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Institute of Advanced Study

IAS Staff

Publication details for Professor Nicholas Saul

McCarthy, J.A., Hilger, S.M., Sullivan, H.I. & Saul, Nicholas (2016). The early history of embodied cognition 1740-1920 the Lebenskraft-debate and radical reality in German science, music, and literature. Internationale Forschungen zur Allgemeinen und Vergleichenden Literaturwissenschaft, 189. Leiden: Brill.

Author(s) from Durham

Abstract

This pioneering book evaluates the early history of embodied cognition. It explores for the first time the life-force (Lebenskraft) debate in Germany, which was manifest in philosophical reflection, medical treatise, scientific experimentation, theoretical physics, aesthetic theory, and literary practice esp. 1740-1920. The history of vitalism is considered in the context of contemporary discourses on radical reality (or deep naturalism). We ask how animate matter and cognition arise and are maintained through agent-environment dynamics (Whitehead) or performance (Pickering). This book adopts a nonrepresentational approach to studying perception, action, and cognition, which Anthony Chemero designated radical embodied cognitive science. From early physiology to psychoanalysis, from the microbiome to memetics, appreciation of body and mind as symbiotically interconnected with external reality has steadily increased. Leading critics explore here resonances of body, mind, and environment in medical history (Reil, Hahnemann, Hirschfeld), science (Haller, Goethe, Ritter, Darwin, L. Büchner), musical aesthetics (E.T.A. Hoffmann, Wagner), folklore (Grimm), intersex autobiography (Baer), and stories of crime and aberration (Nordau, Döblin). Science and literature both prove to be continually emergent cultures in the quest for understanding and identity. This book will appeal to intertextual readers curious to know how we come to be who we are and, ultimately, how the Anthropocene came to be.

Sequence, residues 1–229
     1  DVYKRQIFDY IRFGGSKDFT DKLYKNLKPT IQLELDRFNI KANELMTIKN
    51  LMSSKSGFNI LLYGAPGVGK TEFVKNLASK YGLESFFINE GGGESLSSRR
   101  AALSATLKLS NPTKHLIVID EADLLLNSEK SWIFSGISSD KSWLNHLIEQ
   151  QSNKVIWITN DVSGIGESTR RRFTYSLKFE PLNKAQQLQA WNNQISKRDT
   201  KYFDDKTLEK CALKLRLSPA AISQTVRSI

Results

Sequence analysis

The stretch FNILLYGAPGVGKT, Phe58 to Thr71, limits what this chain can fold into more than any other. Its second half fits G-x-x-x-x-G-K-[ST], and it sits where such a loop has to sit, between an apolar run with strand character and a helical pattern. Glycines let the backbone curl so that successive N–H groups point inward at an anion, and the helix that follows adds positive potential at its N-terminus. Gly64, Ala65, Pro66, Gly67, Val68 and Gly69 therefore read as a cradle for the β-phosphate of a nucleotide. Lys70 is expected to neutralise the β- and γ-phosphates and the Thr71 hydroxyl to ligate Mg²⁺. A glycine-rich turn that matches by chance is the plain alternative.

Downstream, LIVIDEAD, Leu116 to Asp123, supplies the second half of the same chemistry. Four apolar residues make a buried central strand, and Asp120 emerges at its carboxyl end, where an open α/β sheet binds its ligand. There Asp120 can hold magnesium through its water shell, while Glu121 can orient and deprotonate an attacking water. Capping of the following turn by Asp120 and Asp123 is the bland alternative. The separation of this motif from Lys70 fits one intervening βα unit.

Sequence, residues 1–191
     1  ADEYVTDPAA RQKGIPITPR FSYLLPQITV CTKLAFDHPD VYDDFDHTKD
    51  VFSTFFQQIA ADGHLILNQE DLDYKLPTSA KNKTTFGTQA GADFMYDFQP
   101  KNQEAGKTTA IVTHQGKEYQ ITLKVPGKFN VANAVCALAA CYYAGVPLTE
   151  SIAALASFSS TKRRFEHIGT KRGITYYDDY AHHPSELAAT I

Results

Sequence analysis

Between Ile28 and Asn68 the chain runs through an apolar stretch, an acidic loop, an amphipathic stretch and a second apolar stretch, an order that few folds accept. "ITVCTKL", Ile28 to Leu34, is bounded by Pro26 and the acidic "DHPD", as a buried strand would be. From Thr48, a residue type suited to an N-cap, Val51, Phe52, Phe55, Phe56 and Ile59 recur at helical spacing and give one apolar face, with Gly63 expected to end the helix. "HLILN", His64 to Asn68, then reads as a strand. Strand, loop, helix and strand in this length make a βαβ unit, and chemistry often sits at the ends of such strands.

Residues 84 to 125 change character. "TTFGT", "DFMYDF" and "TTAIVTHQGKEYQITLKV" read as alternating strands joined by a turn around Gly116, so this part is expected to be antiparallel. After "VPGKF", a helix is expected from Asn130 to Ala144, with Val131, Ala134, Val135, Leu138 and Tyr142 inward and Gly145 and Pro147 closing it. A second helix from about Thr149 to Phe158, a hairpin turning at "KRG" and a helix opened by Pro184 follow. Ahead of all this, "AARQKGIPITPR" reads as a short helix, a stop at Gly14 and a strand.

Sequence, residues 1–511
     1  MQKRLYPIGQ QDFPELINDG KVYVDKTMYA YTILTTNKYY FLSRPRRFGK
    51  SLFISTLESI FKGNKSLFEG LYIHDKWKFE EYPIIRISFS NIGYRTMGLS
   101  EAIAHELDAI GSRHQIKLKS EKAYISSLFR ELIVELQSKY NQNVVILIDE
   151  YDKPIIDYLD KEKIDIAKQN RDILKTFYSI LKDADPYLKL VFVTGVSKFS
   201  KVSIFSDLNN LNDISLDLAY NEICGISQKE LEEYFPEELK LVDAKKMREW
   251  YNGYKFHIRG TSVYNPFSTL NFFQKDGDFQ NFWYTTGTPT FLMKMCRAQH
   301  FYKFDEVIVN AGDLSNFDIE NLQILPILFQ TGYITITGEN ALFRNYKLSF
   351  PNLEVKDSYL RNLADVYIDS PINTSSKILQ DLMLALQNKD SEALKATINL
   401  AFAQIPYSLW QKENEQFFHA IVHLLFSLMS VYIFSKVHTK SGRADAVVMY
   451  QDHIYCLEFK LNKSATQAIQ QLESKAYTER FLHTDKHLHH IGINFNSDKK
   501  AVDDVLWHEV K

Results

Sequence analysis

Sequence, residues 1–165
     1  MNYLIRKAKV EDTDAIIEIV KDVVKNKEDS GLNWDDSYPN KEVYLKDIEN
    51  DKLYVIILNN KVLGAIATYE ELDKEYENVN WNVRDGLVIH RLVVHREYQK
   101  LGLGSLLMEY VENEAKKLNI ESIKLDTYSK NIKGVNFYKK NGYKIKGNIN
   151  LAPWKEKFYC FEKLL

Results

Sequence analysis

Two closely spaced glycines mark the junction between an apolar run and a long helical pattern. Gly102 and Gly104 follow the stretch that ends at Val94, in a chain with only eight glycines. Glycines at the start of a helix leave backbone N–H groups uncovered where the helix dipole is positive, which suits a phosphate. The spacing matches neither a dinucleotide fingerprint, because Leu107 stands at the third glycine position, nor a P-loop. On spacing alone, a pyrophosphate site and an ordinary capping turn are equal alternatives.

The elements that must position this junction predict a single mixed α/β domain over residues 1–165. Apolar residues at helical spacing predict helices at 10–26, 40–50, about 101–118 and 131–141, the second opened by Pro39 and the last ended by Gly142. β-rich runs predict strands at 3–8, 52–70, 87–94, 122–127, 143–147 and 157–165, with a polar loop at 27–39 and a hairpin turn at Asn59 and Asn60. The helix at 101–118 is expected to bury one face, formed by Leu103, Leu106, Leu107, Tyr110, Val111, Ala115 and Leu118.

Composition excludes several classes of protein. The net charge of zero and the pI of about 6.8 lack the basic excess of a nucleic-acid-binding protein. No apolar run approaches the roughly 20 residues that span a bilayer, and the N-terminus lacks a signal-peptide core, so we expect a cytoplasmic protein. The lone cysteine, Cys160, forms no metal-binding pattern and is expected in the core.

Contact Details

Institute of Advanced Study
Durham University
Cosin's Hall
Palace Green
Durham 
DH1 3RL
Telephone: +44 (0)191 334 2589
Email: enquiries.ias@durham.ac.uk